On Thursday, November 9, the end of the American actors’ strike was announced. In combination with the writers’ strike, the unions shut down Hollywood for six months. The consequences of the strike will be felt well into the next film and series season. Actors were not only banned from work by their union, but also had to stop all promotional activities, including their attendance at film premieres. The red carpets looked desolate.
Perhaps that is why there was so much anticipation for one of the first major premieres since the strike: the final season of the Netflix series The Crown, the first four episodes of which appeared worldwide on Netflix last week. At the Westwood Regency Village Theater in Los Angeles, some of the cast gathered on Sunday, November 12, to attend the screening of a few episodes. Expectations were high, not only because it is the final season, but also because the story brings us to the death of Diana and her lover Dodi, the Egyptian billionaire’s son, on August 31, 1997.
Without anyone answering the question whether we had actually missed the red carpet photography, it was back: the stiff poses, the grim smiles, the line of photographers shouting loudly trying to get the attention of the stars. The circus was in town again.
Producer Netflix had transformed the red carpet of the Regency Village Theater into a Hollywood-style palace facade, including a few hopefully well-paid extras to pose as palace guards. Attention mainly focused on the Australian actress Elizabeth Debicki, who has played the role of the unfortunate Diana since season 5. She posed with the young actors who play her teenage sons and with Khalid Abdalla who plays Dodi.
At a moment when Abdalla was alone in front of the camera (he clearly did not want to involve other actors) he raised his left hand to the photographers. Written in the palm of his hand were the words Ceasefire NOW. In the photo above Variety-photographer Michael Buckner, he looks serious, but in other photos with his hand raised he shows a broad smile. A photo of the hand appeared on his Instagram account with the text: ‘Because all lives are sacred. Because I believe in the power of the human heart. Because we have to be clear and open and do everything for a better world.’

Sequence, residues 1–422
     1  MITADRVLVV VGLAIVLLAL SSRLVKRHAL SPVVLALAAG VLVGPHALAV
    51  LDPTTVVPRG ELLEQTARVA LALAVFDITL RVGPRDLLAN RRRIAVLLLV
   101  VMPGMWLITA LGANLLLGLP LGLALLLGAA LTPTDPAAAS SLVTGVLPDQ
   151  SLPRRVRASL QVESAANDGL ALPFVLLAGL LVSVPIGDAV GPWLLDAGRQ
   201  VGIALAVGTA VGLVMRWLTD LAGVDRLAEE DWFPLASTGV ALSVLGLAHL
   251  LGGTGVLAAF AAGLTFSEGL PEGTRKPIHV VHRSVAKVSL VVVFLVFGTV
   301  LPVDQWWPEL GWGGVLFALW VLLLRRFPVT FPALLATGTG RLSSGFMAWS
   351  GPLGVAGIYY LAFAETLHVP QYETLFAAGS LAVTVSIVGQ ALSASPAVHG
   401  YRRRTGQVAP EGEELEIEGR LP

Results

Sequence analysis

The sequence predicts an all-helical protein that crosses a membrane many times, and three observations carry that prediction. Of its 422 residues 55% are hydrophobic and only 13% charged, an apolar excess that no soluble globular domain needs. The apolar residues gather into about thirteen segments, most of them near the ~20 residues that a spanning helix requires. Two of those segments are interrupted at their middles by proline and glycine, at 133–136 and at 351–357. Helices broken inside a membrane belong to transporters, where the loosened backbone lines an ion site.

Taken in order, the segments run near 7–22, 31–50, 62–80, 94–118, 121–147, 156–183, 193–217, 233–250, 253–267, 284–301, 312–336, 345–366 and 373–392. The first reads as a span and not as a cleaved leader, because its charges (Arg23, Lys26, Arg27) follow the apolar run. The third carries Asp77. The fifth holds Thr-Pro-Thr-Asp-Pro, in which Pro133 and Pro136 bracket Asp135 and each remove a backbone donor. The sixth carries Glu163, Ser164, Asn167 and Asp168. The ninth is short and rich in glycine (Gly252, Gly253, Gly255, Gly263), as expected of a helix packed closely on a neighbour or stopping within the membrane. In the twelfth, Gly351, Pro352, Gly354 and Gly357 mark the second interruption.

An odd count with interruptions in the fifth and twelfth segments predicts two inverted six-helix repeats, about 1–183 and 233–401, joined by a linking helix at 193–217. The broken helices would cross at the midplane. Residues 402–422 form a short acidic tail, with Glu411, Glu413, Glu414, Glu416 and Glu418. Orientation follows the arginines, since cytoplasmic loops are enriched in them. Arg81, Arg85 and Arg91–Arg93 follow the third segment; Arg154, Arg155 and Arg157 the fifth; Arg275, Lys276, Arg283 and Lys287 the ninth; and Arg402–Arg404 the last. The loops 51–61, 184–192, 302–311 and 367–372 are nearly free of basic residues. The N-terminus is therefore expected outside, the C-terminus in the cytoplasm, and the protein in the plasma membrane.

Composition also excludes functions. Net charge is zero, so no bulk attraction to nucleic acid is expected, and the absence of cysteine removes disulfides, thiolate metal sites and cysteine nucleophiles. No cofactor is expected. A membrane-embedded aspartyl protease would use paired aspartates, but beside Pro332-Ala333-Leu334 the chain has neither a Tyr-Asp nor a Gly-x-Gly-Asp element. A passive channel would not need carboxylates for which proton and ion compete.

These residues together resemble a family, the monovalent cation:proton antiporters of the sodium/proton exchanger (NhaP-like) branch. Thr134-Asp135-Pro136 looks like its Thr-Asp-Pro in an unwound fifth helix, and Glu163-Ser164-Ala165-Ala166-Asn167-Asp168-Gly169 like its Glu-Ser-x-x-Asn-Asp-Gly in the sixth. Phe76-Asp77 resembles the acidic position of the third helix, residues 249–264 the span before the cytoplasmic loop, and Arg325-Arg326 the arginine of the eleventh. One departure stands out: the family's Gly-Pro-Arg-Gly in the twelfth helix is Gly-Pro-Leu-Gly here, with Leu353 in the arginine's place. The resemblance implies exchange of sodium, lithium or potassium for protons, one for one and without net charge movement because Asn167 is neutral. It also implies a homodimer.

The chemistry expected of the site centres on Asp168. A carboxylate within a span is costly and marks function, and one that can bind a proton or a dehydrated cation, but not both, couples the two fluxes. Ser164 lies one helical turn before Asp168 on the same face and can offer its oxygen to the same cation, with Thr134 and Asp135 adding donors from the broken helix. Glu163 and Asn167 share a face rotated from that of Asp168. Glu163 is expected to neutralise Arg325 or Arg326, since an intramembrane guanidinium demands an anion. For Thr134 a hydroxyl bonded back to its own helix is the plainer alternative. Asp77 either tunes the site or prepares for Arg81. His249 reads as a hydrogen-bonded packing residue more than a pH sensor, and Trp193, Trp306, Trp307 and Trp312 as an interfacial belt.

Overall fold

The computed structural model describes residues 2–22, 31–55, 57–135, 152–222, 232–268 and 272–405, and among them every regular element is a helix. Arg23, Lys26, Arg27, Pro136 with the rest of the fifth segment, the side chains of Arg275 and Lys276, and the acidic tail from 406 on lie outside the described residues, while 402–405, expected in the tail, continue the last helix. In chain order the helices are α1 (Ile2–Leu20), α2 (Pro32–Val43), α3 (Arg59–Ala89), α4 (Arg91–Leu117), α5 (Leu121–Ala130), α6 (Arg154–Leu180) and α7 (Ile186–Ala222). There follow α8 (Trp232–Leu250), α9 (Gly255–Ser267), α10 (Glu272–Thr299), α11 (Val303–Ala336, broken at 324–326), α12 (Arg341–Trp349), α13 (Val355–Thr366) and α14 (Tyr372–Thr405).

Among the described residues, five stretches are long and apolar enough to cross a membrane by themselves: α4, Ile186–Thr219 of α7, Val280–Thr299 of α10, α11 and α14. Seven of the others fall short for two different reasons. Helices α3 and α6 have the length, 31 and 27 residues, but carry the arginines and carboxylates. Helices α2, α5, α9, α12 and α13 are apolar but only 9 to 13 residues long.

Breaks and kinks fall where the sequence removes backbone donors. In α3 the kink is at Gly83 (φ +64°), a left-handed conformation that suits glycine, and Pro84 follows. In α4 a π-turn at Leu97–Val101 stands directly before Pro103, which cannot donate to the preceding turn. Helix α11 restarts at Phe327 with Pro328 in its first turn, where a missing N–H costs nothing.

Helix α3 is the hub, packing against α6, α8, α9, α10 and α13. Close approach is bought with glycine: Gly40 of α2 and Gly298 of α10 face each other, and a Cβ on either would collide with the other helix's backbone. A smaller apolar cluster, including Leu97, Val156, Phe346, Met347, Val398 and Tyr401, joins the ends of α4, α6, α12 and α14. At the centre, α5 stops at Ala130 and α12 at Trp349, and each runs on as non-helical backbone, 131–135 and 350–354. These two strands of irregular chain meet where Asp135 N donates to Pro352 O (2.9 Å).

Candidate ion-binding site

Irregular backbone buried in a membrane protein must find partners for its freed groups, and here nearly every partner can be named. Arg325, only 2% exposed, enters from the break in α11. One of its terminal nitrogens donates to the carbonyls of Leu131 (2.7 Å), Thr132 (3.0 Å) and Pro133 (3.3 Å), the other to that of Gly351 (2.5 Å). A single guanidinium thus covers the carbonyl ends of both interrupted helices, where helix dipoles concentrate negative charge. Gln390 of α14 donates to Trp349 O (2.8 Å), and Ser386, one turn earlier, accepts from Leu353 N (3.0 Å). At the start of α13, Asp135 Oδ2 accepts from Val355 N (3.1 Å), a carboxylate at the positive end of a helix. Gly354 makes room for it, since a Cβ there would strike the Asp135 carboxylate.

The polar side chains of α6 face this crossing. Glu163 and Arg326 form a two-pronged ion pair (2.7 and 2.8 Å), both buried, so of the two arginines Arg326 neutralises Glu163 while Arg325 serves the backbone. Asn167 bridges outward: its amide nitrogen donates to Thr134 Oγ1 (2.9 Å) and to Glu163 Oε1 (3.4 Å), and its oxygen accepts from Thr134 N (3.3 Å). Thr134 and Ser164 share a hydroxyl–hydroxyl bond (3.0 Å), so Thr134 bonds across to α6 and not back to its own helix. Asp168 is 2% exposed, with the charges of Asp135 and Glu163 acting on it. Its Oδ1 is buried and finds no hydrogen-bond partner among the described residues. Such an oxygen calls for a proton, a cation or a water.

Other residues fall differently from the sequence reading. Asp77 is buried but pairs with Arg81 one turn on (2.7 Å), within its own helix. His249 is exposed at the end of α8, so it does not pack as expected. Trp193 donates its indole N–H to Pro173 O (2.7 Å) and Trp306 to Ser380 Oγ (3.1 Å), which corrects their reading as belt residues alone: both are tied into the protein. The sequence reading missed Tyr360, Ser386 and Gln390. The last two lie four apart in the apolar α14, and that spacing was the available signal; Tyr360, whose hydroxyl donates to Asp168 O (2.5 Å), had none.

The gesture was widely reported, although there is already a certain familiarity with these types of interventions, where any stage, including a climate march or a red carpet, can be hijacked or, if you like, used for different messages. The British newspaper TheTelegraph described it as an ‘anti-war statement’. Elsewhere in the press it was called a ‘political statement’, an ‘Israel-Gaza message’ or a ‘call for peace’.
Interesting figure, that Khalid Abdalla. Born in Glasgow, Scotland and raised in London as the son of two Egyptian doctors who emigrated. Both his father and grandfather campaigned against the regime in Egypt. Something that Khalid Abdalla continued in 2011 as one of the founders of the Mosireen Collective in Cairo, an organization that wanted to support citizen journalism in Egypt after the fall of President Hosni Mubarak.
As an actor with an Arab background, he could not completely escape typecasting. His breakthrough came in 2006 with his role as the Lebanese hijacker/pilot Ziad Jarrah in the Oscar-nominated United 93Paul Greengrass’ film about one of the 9/11 hijackings, in which the passengers overpowered the hijackers from the plane.
The Crown is one of the most popular series worldwide, and in this sixth and final season we inevitably arrive at the tragic end of Diana and Dodi. The role of Dodi in The Crown is by far the most visible role Khalid Abdalla has played to date. Dodi Fayed was the Alexandria, Egypt-born son of billionaire Mohamed Al Fayed, owner of Harrods, department store and London status symbol, who died this year. The ultimate outsider who tried to get into the highest British circles through his capital. Son Dodi was involved in a number of successful films through his family’s production company, Allied Stars, including Chariots of Fire. He was 42 when he died.
Back to the dozens of premiere photos that were posted on the website of the photo press agency Getty on November 12. Cheerful excitement in all shapes, sizes and ages among the cast. Khalid Abdalla was undoubtedly happy that the strike was over, for a variety of reasons. On October 17, he was one of the many signatories of an online petition in which more than four thousand artists from across the art field are now asking for a ceasefire. Khalid Abdalla will not be the last to demand attention in this way.